Home A project of States Newsroom
News
VA to host town halls nationwide and Pa., for vets exposed to toxic substances  

Share

VA to host town halls nationwide and Pa., for vets exposed to toxic substances  

Dec 06, 2022 | 10:28 am ET
By John L. Micek
Share
VA to host town halls nationwide and Pa., for vets exposed to toxic substances  
Description
(Photo by Scott Nelson/Getty Images)

The U.S. Department of Veterans Affairs will host a series of town hall meetings in Pennsylvania and nationwide next week, urging veterans who may have been exposed to toxic substances while on active duty to take advantage of a new federal law offering them services and health care.

The benefits are authorized through the Sergeant First Class (SFC) Heath Robinson Honoring our Promise to Address Comprehensive Toxics Act, or PACT Act,which President Joe Biden signed into law in August. The agency’s “PACT Act Week of Action” begins Dec. 10 and runs through Dec. 17. 

More than 90 VA facilities around the country, including sites in Philadelphia and Pittsburgh, are slated to hold in-person sessions explaining the benefits to veterans and their families, the agency said in a statement. 

Millions of veterans of the Vietnam War, the Gulf War, and the post-9/11 military actions who were exposed to toxic fumes, burn pits, Agent Orange, radiation and other environmental hazards are eligible for coverage, the agency said in its statement.

IF YOU GO:
PHILADELPHIA: 
WHERE: Philadelphia VA Medical Center, 3900 Woodland Ave., Philadelphia.
WHEN: Monday, 12/12/22, 12 p.m.-1 p.m.
SERVICES OFFERED: Health care eligibility and enrollment 

PITTSBURGH:
WHERE: Pittsburgh VA Medical Center, University Drive C, Pittsburgh
WHEN: Wednesday, 12/14/22, 2 p.m.
SERVICES OFFERED: Health care eligibility and enrollment

Veterans who attend the sessions are being urged to bring any paperwork related to their service, such as their DD214 form certifying their release active duty, and then “leave the rest to the VA,” the agency said in its statement.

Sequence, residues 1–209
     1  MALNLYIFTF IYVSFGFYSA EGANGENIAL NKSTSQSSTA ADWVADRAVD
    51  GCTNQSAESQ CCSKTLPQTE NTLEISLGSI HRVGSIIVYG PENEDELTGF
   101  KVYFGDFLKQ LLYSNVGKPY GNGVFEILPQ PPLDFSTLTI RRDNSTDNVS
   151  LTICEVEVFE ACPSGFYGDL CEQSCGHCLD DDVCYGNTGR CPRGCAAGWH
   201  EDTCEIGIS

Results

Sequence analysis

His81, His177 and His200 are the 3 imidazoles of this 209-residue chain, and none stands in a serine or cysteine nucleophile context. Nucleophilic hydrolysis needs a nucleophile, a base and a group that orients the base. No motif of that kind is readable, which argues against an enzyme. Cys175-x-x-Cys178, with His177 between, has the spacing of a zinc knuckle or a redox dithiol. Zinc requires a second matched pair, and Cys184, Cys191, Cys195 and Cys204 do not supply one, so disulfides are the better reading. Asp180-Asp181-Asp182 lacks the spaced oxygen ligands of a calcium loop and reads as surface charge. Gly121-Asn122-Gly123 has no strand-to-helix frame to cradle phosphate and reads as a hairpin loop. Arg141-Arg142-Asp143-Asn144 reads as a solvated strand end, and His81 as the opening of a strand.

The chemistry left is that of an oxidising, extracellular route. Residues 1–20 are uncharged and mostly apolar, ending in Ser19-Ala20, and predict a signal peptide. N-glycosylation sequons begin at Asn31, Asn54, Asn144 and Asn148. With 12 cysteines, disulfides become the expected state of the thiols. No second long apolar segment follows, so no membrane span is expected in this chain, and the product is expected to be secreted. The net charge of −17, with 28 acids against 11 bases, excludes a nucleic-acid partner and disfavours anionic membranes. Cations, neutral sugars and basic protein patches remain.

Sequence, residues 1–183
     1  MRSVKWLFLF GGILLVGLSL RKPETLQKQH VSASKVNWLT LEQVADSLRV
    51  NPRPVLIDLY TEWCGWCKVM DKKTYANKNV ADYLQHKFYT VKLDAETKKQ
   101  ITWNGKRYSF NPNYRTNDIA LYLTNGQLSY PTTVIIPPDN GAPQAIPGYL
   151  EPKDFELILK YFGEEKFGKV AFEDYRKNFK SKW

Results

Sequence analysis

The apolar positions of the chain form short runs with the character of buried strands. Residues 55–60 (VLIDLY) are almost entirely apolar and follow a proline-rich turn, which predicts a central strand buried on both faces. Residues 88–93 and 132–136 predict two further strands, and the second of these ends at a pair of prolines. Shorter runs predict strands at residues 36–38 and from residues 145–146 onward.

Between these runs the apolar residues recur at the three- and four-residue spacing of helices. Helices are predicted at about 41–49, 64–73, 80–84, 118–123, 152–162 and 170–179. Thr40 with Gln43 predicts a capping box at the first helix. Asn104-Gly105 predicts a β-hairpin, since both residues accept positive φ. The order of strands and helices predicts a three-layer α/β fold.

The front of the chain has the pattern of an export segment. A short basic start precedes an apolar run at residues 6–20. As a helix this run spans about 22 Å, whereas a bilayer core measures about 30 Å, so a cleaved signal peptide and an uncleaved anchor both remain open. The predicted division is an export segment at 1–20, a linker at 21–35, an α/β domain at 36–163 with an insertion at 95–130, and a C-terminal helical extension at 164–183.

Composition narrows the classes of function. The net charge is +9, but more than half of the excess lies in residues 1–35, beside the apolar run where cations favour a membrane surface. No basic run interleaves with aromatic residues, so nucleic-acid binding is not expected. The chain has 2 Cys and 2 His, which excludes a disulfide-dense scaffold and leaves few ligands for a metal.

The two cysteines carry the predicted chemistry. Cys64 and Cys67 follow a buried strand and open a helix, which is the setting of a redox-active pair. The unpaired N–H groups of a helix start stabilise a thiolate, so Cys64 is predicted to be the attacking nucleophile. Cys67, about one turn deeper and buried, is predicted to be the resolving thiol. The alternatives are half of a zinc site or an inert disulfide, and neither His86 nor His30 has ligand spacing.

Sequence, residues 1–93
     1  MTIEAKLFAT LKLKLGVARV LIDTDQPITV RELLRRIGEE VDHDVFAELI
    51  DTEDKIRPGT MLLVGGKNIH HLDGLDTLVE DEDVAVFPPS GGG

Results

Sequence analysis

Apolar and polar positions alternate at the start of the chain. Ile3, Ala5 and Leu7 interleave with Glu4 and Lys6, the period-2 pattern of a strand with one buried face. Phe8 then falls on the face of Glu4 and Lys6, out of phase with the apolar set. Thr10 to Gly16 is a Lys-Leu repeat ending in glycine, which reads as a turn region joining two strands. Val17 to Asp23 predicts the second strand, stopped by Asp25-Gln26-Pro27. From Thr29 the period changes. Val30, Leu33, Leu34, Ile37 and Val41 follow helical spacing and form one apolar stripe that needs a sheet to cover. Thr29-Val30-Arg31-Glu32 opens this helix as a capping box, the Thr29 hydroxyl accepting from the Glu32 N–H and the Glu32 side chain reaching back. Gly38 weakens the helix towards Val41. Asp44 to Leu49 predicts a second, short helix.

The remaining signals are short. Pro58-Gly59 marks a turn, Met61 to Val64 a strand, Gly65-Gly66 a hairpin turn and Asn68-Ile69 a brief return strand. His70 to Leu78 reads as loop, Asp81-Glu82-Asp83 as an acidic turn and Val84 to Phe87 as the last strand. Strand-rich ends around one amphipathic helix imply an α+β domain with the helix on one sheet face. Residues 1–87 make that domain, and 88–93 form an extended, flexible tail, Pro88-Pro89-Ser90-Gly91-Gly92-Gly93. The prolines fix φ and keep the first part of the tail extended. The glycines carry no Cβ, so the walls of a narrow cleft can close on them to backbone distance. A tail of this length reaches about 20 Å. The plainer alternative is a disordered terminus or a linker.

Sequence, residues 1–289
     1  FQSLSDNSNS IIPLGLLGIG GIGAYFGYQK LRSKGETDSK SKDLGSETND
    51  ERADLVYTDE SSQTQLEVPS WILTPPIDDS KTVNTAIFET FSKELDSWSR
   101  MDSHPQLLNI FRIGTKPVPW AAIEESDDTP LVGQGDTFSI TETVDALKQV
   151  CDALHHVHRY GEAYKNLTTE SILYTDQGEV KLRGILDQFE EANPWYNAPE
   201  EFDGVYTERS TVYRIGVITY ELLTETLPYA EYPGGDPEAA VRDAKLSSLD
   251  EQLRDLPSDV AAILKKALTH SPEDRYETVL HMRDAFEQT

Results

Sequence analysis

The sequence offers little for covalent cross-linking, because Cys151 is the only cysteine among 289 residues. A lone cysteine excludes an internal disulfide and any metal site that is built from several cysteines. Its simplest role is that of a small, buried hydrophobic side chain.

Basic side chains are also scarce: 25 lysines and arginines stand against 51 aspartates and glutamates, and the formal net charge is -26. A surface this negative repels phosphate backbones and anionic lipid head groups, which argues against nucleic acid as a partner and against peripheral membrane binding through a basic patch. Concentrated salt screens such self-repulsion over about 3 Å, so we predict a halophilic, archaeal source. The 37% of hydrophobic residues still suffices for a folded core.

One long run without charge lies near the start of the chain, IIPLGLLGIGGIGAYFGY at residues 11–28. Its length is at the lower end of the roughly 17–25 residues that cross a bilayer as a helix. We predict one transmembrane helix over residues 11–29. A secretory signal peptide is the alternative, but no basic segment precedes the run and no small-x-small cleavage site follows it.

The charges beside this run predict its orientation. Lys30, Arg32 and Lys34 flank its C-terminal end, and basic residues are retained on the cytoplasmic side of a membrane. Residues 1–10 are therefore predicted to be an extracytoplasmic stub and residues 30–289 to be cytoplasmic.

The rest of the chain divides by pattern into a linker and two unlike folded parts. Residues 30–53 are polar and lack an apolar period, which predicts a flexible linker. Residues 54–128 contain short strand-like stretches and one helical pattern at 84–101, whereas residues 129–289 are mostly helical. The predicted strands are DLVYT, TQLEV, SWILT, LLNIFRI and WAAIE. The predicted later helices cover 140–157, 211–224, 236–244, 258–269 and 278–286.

Veterans who are unable to attend the sessions can get more information and apply for benefits at VA.gov/PACT, or by calling 1-800-MYVA411

Biden has long suspected that his late son Beau Biden’s death in 2015 from brain cancer was a direct result of his exposure to burn pits while serving in Iraq as a part of the Delaware National Guard. 

Biden signs landmark bill aiding veterans exposed to burn pits overseas

“I was in and out of Iraq over 20 times,” Biden said in an August bill-signing ceremony of his prior trips to the war zone he took as both a U.S. senator and as vice president. “And you could actually see some of it in the air — burn pits the size of football fields, and incinerated waste of war such as tires, poisonous chemicals, jet fuel, and so much more I won’t even mention.”

“When they came home, many of the fittest and best warriors that we sent to war were not the same,” Biden added. “Headaches, numbness, dizziness, cancer. My son Beau was one of them.”

The VA has been processing claims at the fastest rate in its history, hoping to avoid a significant backlog as hundreds of thousands of veterans apply for health care and benefits under the landmark toxic exposure law Congress passed earlier this year, the Capital-Star reported last month.

The day after Biden signed the law, veterans set an all-time record for benefits claims filed online and more than 136,000 have applied for benefits under the toxic exposure law as of mid-November. Veterans and surviving family members applying could reach more than 700,000 in the coming months.

To address the surge in claims, VA is hiring more employees to provide health care and process applications, but officials do expect an increase in the backlog in the short term, the Capital-Star reported last month.